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RS Ophiuchi

The narrow double star RS Ophiuchi is a recurring nova, which erupts about every 20 years. The last eruption was on February 26th, 2006. In the stellar system the white dwarf (B) even moves within the thin gas hull of the red giant RS Ophiuchi A.
This is remarkable, because the white dwarf has a mass only slightly below te Chandrasekhar limit. It draws off mass from the red one, so it will excess this limit of 1.44 solar masses sometime and then will explode as a type Ia supernova. When this will happen exactly we don't know of course, probably within the next 100 000 years. So that's no reason to worry yet, the more so as it is too far away to be a hazard for our Earth.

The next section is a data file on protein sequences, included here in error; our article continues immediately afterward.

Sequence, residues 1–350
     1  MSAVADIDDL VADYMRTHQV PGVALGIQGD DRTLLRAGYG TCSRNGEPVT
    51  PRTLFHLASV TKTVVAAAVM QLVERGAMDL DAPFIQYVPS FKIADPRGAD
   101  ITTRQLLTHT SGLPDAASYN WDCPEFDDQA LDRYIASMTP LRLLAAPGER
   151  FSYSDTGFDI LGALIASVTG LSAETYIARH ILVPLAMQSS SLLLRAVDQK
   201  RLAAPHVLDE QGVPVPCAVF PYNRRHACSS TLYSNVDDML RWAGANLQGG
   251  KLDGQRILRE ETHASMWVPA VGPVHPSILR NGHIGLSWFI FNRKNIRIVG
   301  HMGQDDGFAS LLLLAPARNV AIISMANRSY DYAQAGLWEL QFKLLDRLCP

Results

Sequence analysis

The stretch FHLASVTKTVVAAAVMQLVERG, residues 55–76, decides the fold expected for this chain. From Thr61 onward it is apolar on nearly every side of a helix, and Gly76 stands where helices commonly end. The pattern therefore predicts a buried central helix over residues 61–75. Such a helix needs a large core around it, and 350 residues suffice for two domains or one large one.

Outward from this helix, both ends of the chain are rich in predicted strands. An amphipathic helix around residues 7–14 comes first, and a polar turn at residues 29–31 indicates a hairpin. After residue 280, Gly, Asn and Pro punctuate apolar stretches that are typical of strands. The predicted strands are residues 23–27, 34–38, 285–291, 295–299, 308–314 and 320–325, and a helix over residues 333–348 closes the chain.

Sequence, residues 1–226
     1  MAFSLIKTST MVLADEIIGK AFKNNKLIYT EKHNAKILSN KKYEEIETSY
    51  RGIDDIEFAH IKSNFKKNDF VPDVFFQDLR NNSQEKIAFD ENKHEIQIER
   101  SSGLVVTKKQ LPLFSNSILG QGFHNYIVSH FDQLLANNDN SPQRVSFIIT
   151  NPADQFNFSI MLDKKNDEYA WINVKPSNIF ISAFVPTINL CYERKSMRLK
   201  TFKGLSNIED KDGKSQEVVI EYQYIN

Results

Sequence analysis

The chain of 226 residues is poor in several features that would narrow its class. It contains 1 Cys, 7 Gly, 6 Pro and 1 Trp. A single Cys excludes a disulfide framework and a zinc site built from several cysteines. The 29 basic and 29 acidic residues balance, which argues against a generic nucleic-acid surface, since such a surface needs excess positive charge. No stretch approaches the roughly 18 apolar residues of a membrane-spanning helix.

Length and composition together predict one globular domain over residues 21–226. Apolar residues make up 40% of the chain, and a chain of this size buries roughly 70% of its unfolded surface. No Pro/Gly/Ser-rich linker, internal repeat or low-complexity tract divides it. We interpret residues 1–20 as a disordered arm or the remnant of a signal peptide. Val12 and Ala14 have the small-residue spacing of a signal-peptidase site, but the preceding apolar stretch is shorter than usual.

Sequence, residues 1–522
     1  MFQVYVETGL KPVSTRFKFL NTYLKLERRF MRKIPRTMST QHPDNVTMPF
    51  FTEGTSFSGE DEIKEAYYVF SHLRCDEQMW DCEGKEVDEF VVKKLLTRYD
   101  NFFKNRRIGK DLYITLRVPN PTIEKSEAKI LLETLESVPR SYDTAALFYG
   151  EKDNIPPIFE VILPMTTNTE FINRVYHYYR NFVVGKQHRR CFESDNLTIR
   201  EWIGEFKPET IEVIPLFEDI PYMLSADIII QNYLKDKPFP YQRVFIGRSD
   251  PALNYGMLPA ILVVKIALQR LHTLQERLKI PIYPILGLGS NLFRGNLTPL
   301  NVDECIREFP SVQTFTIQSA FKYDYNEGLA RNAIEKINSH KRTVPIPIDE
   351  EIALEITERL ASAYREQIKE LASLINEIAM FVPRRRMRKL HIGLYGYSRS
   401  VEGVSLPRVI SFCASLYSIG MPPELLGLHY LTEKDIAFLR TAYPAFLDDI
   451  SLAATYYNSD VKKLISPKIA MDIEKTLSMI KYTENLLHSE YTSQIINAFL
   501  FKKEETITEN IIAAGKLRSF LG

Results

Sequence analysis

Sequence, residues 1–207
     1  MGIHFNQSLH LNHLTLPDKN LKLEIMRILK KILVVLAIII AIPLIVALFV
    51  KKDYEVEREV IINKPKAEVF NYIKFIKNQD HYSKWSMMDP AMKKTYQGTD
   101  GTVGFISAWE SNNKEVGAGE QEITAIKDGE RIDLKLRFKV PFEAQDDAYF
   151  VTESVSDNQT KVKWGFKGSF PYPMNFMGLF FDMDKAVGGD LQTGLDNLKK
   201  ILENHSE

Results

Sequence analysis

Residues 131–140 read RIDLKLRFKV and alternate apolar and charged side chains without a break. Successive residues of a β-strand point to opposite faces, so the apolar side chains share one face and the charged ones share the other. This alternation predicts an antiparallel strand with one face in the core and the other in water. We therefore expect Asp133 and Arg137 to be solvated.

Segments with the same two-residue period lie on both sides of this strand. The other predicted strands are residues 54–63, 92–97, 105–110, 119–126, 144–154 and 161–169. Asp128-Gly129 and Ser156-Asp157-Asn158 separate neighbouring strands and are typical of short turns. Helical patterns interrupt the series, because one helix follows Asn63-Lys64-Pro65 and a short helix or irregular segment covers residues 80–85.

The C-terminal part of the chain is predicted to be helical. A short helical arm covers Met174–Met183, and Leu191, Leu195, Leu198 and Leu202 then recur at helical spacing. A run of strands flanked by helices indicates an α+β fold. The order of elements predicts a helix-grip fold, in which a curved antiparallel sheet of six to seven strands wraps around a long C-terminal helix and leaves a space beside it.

The B star sends out jets, something like this is known from no other white dwarf. Furthermore there is a gas disk around it, which will explode as a nova again soon.

Constellation: Ophiuchus
Distance: 5200 light-years
Visual magnitude: 12.5

RS Ophiuchi A

Spectral class: M2

RS Ophiuchi B

Mass: just under 1.4 * Sun

Back: List of Special Stars part 2


    RS Ophiuchi
Graphic: Rob Hynes, LSU

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